Are you aware that those who have had a breakdown in their de
facto relationships have the same laws apply to them for the
division of property as married couples? If this comes as a shock
to you, we have provided in this article the answers to a few of
the frequently asked questions when dealing with this issue.
WHAT IS A DE FACTO RELATIONSHIP?
Providing de facto couples with the same rights as married
couples has significantly broadened the spectrum of those who can
apply to the Family Courts for Orders for the division of property.
Situations can occur where parties are in a de facto relationship
without being aware of it and therefore, the implications which
accompany it. For example, a de facto relationship can exist even
if one of the persons is legally married to someone else or in
another de facto relationship.
A de facto relationship is a relationship between two
who may be of the same or opposite sex;
who were not legally married to one another or related by
having regard to all the circumstances of their relationship,
they have a relationship as a couple living together on a genuine
The circumstances of each relationship are assessed on a case by
case basis. The circumstances that are considered to establish if
persons have a relationship as a couple living together on a
genuine domestic basis include any or all of the
The length of time the parties have been in the
The nature and extent to which the parties resided together.
While having resided together is a compelling argument for a de
facto relationship, it may be possible for a de facto relationship
to exist with the parties having maintained separate residences for
all or part of the relationship.
Whether a sexual relationship exists.
The degree of financial dependence or interdependence and
whether there are any arrangements for financial support between
Whether the parties own any assets together such as real
property or bank accounts.
The degree of mutual commitment to a shared life.
Whether the relationship is or was registered.
Whether you have any children together. Having a child together
does not mean of itself that a de facto relationship will be found
to have existed.
The reputation and public aspects of the relationship, that is,
are others aware of your relationship? Do others perceive you as a
couple? Do you conduct yourselves as a couple in public?
When determining whether a de facto relationship exists a court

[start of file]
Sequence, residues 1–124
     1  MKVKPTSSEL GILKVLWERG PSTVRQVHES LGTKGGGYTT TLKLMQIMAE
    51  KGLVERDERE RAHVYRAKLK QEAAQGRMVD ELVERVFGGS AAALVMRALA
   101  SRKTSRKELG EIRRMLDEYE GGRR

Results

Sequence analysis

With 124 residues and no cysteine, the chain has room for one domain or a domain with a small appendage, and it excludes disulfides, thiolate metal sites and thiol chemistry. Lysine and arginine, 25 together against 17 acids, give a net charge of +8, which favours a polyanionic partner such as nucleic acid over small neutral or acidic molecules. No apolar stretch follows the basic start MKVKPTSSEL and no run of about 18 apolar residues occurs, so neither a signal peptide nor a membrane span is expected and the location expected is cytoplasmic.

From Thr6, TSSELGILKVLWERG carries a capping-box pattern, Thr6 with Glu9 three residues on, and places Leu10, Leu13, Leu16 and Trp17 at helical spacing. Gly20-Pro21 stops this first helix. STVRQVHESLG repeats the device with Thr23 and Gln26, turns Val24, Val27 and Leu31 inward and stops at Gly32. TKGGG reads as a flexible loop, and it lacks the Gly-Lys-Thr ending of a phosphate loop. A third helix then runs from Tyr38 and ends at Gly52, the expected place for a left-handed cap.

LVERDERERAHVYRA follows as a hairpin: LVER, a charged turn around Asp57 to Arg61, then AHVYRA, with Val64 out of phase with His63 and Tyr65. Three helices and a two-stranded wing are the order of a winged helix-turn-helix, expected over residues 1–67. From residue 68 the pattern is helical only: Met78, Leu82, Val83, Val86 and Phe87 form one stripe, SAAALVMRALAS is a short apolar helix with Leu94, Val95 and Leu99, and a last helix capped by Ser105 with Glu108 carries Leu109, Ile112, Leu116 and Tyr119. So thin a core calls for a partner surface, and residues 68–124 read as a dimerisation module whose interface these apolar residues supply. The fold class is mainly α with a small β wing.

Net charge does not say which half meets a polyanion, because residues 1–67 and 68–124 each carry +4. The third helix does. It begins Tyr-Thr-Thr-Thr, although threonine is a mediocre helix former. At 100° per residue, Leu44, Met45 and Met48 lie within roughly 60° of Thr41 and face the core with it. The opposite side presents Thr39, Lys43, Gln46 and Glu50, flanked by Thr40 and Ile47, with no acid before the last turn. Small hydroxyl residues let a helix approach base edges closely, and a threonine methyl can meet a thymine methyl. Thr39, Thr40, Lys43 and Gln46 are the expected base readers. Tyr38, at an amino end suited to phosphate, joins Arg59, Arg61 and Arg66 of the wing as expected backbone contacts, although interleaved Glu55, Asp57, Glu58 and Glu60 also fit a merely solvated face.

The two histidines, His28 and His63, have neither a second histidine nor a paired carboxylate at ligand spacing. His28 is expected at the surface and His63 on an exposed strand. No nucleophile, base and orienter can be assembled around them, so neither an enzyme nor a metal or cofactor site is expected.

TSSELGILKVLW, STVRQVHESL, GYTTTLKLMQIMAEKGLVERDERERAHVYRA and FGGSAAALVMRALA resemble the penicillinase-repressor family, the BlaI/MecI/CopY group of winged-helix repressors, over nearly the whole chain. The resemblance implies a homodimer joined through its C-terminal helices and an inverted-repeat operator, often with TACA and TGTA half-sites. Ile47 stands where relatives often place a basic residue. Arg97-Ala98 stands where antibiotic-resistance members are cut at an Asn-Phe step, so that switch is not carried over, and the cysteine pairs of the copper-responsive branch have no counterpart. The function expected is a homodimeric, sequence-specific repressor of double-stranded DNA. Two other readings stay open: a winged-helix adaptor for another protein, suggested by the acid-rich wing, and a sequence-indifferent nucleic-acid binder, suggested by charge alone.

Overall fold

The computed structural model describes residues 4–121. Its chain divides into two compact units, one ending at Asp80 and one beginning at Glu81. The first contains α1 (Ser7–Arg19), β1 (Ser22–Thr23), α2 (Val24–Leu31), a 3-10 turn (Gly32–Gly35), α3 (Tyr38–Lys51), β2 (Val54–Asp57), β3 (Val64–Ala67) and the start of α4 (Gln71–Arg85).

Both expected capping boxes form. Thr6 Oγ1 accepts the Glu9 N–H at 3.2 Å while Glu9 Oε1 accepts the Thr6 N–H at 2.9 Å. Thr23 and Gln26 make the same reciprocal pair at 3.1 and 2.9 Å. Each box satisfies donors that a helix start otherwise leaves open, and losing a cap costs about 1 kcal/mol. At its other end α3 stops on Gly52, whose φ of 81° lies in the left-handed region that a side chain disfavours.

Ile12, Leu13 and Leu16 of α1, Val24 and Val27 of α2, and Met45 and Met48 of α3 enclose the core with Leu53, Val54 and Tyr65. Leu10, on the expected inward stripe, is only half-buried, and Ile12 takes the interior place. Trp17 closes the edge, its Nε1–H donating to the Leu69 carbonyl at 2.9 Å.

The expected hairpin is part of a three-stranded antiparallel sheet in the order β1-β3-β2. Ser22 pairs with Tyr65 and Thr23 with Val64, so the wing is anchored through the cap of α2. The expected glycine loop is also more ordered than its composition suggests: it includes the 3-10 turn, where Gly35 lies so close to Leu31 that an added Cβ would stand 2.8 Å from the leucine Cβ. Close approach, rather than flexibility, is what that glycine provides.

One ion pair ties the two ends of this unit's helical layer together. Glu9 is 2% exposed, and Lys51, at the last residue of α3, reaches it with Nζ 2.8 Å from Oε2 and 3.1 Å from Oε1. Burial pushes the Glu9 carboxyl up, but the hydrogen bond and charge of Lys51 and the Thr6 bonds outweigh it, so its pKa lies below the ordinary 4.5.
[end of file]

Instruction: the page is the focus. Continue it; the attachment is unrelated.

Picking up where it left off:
may also consider any other matters as they may deem
SINCE WHEN HAVE THESE LAWS BEEN IN EFFECT?
Since 1 March 2009, those who have had a breakdown in their de
facto relationships can apply to the Family Court or the Federal
Circuit Court (the Family Courts) to have financial matters
determined in the same way as married couples. The separation must
have occurred after 1 March 2009.
WHEN CAN A COURT MAKE AN ORDER IN RELATION TO A DE FACTO
Before the court can make an Order in relation to a de facto
relationship the court must satisfy itself that one
of the following circumstances exist:
that the period, or total of the periods, of the de facto
relationship is at least 2 years; or
there is a child of the de facto relationship; or
that a party to the de facto relationship who applies for a
court order, made substantial contributions during the relationship
whether they be financial contributions or domestic contributions
and a failure to make an order would result in serious
WHAT CAN BE DIVIDED?
Parties in eligible de facto relationships can apply to the
Family Courts upon the breakdown of their relationship for Orders
for a division of any property that the couple own, either
separately or jointly. This includes not only real property, motor
vehicles, bank accounts, shareholdings in private and public
companies and the like but also superannuation. Maintenance can
also be ordered.
IS THERE A TIME LIMIT ON MAKING AN APPLICATION?
If you and your former de facto partner are unable to reach
agreement as to the division of property and you wish to make an
application to the Family Court for financial orders you must do so
within two years of the breakdown of your relationship. After this
time you need the permission from the Court to start court
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